Louis Fanaroff’s 2005 obituary in the Washington Jewish Week aptly began, “It might be said that Louis Fanaroff was destined for the grocery story business.” Indeed, he was born above his parents’ Anacostia DGS grocery store in 1921. His father Nathan ran the mom-and-pop shop for nearly 30 years.
In 1946, after serving in the Army during WWII, Louis Fanaroff bought his own grocery store in the Wardman Park Hotel. At the time, this Woodley Park hotel was inhabited by a who’s-who of Washington’s elite. These politicians, socialites and Supreme Court justices enjoyed access to amenities like Fanaroff’s grocery story as well as a post office, salon, florist and dressmaker.
Fanaroff’s children recall that residents who hailed from abroad often asked their father to find products and brands that reminded them of home. One result was that he started selling yogurt before most Washingtonians had heard of it.
Fanaroff left the Wardman Park after several years and bought Spund’s Market, a Cleveland Park establishment, with his brother-in-law, Stanford Steppa. After selling Spund’s in 1965, the pair purchased Magruder’s a couple years later and changed Washington’s grocery landscape forever.
Magruder’s had a long history in DC. In 1875, 26-year-old John H. Magruder purchased the grocery store at 1417 New York Avenue NW, where he had worked for 10 years. Over the next decades, Magruder opened a branch location just north of Farragut Square and consolidated his other stores.
The Washington Post described the store as known for its “fine groceries and table luxuries.” In 1926, John Magruder died, and the business was passed onto his children. By then, his store had become a city institution, celebrating anniversary after anniversary.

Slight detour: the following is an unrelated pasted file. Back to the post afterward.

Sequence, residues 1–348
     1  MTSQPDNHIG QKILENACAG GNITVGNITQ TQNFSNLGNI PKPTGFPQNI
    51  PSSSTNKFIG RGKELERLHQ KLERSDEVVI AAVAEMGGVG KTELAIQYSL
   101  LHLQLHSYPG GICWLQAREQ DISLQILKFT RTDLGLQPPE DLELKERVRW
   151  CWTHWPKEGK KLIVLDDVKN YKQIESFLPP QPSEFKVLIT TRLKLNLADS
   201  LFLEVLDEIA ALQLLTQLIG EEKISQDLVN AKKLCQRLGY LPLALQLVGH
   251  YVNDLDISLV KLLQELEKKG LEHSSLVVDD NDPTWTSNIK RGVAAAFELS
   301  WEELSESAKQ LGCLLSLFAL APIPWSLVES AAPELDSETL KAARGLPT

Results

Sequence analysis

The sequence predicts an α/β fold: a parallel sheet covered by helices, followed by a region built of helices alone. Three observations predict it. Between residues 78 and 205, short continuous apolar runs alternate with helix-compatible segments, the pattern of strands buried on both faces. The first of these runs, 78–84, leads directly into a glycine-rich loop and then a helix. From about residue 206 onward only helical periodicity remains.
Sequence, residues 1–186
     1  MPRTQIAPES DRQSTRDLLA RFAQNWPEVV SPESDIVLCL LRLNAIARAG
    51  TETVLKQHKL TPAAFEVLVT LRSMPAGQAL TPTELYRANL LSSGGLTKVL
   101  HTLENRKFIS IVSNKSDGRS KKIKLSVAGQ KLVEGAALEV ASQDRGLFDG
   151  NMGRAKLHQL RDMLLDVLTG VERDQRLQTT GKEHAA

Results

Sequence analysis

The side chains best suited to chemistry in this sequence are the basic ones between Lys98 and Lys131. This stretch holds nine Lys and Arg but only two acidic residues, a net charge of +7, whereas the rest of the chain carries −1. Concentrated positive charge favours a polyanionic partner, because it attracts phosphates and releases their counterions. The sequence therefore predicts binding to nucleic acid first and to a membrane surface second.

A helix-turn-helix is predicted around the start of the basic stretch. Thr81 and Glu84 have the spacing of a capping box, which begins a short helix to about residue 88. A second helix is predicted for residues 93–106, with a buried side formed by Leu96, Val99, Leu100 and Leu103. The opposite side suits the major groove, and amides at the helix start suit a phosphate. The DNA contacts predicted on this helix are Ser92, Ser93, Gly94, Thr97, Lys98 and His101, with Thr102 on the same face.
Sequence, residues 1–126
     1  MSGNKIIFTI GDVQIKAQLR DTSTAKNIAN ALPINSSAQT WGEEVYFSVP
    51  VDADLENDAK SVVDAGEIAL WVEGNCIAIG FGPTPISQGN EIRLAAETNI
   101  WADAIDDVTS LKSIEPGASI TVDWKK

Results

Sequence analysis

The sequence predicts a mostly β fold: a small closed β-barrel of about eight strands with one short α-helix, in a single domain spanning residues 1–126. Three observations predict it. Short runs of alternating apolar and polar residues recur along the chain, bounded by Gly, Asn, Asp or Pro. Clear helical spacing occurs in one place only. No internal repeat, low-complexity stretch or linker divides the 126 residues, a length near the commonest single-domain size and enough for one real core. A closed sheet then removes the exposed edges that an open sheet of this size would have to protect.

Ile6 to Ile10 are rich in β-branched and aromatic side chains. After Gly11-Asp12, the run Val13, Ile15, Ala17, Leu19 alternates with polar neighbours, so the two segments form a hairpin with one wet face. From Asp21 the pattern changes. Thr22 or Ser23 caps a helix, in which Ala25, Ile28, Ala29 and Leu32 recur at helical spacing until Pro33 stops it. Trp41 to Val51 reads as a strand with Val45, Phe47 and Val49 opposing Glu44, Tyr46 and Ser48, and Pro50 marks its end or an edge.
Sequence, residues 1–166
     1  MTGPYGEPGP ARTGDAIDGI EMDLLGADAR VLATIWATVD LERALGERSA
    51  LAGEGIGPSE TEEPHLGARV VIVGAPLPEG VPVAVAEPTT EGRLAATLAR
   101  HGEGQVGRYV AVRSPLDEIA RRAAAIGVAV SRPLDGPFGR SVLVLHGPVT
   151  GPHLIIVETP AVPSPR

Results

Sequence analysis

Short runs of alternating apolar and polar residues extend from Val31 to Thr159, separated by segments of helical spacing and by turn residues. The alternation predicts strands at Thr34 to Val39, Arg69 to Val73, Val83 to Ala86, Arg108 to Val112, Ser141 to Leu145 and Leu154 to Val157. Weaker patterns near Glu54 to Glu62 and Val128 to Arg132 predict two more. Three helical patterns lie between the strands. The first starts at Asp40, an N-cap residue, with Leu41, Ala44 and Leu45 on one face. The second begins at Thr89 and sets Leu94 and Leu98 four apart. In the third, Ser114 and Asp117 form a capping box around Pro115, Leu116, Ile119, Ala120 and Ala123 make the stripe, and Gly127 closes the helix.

In 1967, after 92 years of ownership, the Magruder family sold the business, including its two locations in Georgetown and Chevy Chase Circle, to Fanaroff and Steppa. A few years later, the pair decided to cut prices to appeal to a broader patronage and compete with the bigger chains.
Over the next decades, a time when many family-owned businesses were closing because of competition from major grocery chains, Fanaroff and Steppa continued to expand Magruder’s across the metropolitan region. Renowned for their produce, some shoppers thought Magruder’s had their own farm!
There were 10 to 12 Magruder’s locations at any one time, and the stores became a favorite shopping spot for many area residents from Annandale to Annapolis. When the Chevy Chase Circle location temporarily closed due to fire damage in 1984, Northwest Current reporter Gertrude S. Cleary wrote of her affection for the store: “I never have out-of-town guests leave without a trip to Magruder’s.” She also declared that she “wouldn’t think of buying mushrooms anywhere else.”
This customer loyalty helped keep the business strong into the twenty-first century. Then, in January 2013, with increased competition from newer chains like Trader Joe’s and Whole Foods, Magruder’s announced they were selling most of their stores. Only the flagship store in Chevy Chase, with Steppa as president, remains as one of the oldest family-owned grocery stores in DC.
Top photo: Nathan Fanaroff’s grocery, 1601 Good Hope Road SE. JHSGW Collections, gift of Magruder’s.